Queens of Syria Documentary Dcreening and Director Q&A with Yasmin Fedda

The film follows a group of Syrian refugee women as they put on their own version of Euripides’ ancient Greek play, The Trojan Woman.

Queens of Syria tells the story of fifty women from Syria, all forced into exile in Jordan, who came together in Autumn 2013 to create and perform their own version of the Trojan Women, the timeless Ancient Greek tragedy all about the plight of women in war.

What followed was an extraordinary moment of cross-cultural contact across millennia, in which women born in 20th century Syria found a blazingly vivid mirror of their own experiences in the stories of a queen, princesses and ordinary women like them, uprooted, enslaved and bereaved by the Trojan War.

Yasmin Fedda is an award-winning filmmaker and artist whose work has focused on themes from Edinburgh bakeries to Syrian monasteries, and from geek anarchism to forcible disappearance. Her films have been BAFTA-nominated and screened at numerous international festivals including Sundance & Edinburgh Film Festival, and some have screened at galleries. She occasionally makes broadcast films for the BBC and Al Jazeera English. Yasmin has held artist residencies at the Mothlight Micro Cinema, Detroit, and at British School at Rome, Italy.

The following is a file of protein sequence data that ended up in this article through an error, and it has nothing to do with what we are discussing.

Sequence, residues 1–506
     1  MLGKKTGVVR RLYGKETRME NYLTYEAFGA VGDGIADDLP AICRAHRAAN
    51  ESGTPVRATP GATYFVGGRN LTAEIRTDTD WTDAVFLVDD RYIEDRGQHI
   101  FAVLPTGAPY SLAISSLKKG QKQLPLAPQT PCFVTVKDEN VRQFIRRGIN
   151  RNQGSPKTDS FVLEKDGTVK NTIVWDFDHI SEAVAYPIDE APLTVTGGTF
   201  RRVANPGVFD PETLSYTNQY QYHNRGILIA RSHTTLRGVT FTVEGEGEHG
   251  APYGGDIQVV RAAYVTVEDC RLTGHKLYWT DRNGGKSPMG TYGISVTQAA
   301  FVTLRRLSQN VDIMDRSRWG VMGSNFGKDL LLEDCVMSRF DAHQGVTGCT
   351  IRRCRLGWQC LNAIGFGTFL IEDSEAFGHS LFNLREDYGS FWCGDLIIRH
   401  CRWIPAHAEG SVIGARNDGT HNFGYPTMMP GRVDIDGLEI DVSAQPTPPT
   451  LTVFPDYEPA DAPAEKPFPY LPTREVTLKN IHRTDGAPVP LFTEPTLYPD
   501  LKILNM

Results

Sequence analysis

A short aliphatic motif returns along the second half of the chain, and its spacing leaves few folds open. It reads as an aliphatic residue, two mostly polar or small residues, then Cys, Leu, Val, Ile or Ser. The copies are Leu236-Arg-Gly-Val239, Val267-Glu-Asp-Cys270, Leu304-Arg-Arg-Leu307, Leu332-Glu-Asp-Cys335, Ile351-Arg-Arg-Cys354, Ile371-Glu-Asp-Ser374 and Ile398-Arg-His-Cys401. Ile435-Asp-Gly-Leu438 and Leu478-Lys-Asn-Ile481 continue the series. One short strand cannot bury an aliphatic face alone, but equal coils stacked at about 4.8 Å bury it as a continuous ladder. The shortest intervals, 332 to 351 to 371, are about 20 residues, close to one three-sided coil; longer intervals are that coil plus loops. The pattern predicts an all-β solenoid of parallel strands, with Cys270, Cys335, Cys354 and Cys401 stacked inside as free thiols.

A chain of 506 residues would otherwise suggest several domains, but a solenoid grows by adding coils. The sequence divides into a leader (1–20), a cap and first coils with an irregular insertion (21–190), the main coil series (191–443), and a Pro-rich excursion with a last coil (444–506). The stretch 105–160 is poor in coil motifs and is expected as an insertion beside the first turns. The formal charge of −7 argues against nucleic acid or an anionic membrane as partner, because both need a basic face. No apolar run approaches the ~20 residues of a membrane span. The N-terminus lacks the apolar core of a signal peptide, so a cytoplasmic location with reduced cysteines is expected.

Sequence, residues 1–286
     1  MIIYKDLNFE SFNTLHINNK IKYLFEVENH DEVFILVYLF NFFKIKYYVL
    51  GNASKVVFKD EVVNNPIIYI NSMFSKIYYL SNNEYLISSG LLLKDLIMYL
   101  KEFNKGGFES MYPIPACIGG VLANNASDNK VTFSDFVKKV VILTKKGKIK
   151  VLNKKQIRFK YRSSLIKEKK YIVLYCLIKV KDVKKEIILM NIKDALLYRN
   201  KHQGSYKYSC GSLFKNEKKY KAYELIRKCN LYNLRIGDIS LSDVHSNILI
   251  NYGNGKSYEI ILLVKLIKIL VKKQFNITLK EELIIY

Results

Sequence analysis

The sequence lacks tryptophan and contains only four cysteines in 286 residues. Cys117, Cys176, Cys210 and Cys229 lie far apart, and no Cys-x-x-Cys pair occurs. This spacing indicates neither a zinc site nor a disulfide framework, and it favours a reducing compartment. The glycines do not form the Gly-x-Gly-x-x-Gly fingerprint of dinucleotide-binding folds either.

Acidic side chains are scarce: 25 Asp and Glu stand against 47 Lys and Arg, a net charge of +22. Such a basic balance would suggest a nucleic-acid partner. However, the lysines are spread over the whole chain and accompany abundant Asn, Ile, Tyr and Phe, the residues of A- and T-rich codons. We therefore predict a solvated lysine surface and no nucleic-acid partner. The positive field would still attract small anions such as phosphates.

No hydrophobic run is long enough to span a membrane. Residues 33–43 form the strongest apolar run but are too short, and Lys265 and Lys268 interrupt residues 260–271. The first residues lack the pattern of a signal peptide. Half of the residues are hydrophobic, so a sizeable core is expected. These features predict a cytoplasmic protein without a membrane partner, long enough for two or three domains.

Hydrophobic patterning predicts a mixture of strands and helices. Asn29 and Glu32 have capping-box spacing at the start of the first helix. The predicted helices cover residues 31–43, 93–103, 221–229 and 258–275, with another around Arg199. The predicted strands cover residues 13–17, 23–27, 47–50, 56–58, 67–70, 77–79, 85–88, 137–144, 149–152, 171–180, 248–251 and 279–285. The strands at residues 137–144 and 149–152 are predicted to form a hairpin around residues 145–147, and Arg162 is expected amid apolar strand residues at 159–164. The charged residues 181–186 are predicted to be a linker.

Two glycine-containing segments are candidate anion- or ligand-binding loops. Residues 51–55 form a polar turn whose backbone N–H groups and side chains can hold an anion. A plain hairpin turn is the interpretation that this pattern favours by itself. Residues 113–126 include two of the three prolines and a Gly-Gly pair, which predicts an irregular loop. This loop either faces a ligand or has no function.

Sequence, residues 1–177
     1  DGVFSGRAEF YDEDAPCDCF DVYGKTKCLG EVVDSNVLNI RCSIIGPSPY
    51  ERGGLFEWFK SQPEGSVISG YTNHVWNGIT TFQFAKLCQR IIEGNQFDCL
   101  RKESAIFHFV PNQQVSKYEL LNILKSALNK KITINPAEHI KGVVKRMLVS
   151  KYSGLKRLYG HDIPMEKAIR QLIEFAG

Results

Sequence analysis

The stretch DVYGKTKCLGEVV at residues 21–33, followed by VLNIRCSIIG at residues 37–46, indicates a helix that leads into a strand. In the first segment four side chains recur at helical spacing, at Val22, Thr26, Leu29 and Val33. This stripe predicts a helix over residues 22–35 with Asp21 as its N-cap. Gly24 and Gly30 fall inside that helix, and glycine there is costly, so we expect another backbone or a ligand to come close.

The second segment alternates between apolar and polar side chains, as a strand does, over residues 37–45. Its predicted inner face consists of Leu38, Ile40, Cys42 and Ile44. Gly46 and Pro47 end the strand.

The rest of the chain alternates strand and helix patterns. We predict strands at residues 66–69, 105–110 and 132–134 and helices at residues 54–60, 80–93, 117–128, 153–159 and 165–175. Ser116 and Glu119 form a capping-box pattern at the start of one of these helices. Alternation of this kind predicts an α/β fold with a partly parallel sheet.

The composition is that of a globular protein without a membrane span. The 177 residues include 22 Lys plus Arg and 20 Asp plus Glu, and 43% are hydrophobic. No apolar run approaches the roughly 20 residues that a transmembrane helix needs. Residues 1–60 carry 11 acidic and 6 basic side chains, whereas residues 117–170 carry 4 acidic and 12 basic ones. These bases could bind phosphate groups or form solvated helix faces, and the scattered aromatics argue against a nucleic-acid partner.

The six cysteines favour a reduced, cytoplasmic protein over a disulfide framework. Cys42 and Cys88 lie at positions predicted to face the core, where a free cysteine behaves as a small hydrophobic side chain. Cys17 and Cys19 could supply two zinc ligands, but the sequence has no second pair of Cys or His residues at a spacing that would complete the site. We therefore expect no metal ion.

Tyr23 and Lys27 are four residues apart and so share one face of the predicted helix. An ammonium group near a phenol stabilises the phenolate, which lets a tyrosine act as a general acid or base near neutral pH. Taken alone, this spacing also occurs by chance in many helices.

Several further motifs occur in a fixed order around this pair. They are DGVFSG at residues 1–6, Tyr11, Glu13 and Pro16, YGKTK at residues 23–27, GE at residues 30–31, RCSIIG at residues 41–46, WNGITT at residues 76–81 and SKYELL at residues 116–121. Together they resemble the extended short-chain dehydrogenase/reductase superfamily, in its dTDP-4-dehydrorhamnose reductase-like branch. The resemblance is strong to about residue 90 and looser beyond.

Yasmin has taught different aspects of film in various settings around the world including with: Syria Mobile Film Festival, British Council, Scottish Documentary Institute, Bidayyat for Audiovisual Arts, Malta City of Culture, and TPD Vietnam, amongst others. She is also a lecturer in Film Practice at Queen Mary University, is co-founder and programmer of Highlight Arts and is part of production company Black Leaf Films.